Prosecutors in Germany charged Ecclestone with bribing banker Gerhard Gribkowsky, who had been in charge of selling a 47.2 per cent stake in F1 to private equity firm CVC. He was also accused of steering the sale to CVC if it agreed to keep him on as CEO.
Ecclestone suggested Gribkowsky had threatened to make “insinuations” about his tax affairs and threatened to report him to HMRC if he didn’t pay him £27.5m.
He said: “He was shaking me down concerning some allegations that he could say to the HMRC that I controlled our family trust, which would have been extremely expensive”.
HMRC had spent nine years investigating Ecclestone and his family for tax fraud. With Ecclestone needing to have a triple bypass in 1999, his wife at the time was not domiciled in the UK and would have had to pay 40 per cent inheritance tax on money received from him if he died.
To prevent such a situation from happening, Ecclestone transferred the entire share of F1 to its parent company – owned by his wife. She put the shares in the Bambino family trust, which is located offshore.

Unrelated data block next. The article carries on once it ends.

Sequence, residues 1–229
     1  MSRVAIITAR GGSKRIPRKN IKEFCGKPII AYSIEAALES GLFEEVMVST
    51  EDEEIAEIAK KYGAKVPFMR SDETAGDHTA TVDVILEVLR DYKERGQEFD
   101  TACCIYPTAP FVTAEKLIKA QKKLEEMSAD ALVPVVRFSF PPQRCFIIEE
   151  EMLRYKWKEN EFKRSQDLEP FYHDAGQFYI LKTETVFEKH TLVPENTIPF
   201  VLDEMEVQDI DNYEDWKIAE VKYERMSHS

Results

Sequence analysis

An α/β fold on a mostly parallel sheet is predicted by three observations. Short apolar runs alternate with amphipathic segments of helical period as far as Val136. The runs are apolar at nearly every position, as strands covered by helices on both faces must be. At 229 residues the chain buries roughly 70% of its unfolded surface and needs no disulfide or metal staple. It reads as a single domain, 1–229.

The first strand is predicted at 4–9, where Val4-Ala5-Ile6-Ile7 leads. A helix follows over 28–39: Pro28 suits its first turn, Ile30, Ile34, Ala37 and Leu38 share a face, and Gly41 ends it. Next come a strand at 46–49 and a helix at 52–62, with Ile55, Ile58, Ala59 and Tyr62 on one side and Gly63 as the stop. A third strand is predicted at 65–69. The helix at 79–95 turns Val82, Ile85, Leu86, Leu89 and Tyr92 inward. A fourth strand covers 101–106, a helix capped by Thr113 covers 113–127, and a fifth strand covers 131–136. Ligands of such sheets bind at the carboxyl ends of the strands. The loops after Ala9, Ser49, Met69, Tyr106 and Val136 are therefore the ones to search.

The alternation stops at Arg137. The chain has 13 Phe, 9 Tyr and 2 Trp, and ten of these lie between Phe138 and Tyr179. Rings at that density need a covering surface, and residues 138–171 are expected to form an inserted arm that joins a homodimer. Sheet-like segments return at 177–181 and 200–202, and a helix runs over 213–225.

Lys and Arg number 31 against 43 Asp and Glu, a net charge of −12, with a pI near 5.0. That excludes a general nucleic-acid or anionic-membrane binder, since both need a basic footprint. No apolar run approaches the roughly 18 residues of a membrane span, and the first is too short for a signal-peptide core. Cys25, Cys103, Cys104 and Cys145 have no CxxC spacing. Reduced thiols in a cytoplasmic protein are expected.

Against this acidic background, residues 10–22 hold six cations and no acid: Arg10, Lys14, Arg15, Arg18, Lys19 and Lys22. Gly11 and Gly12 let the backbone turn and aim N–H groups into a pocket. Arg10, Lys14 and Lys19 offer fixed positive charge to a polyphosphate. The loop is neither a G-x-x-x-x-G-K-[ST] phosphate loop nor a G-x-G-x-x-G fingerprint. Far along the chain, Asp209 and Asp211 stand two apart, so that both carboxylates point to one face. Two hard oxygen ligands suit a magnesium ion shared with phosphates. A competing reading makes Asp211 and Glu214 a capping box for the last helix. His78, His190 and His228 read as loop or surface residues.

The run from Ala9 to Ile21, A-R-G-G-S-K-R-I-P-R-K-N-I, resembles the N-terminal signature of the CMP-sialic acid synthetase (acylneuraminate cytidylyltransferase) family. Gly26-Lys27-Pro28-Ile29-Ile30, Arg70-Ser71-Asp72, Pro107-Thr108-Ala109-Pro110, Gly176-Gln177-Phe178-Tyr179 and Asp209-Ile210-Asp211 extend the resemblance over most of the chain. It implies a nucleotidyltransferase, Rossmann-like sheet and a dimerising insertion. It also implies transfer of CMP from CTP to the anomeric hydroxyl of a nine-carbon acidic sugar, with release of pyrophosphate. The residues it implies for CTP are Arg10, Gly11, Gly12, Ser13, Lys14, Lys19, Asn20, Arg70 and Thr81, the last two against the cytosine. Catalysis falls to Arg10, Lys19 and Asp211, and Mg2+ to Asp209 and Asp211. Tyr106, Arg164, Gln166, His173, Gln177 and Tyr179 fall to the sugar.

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As a UK resident, Ecclestone is not allowed to control the trust. Claiming as much, HMRC reached agreed not to tax the F1 boss in 2008. Upon finding out about the recent charges, HMRC tore up a deal with Ecclestone on the grounds that he had withheld information, which made the agreement invalid.
HMRC has reassessed Ecclestone and issued him with a bill comprising of 13 years worth of income earned by his Bambino trust, having argued that it had been “misled and relied on representations that were false”. This culminated into a bill of more than £1bn in tax and interest.
Ecclestone’s lawyers have argued that HMRC has failed to put forward “any rational reason” for scrapping its prior agreement not to tax him.
A spokesman claimed that HMRC should act in accordance with its obligations and the law given that Ecclestone chose to live in the UK, “even though he could have lived and worked elsewhere”.
The judge, Kenneth Parker, ruled that a judicial review to decide whether HMRC had breached its guidance would only be considered after the commercial court decides if HMRC’s withdrawal from its prior agreement was legal.
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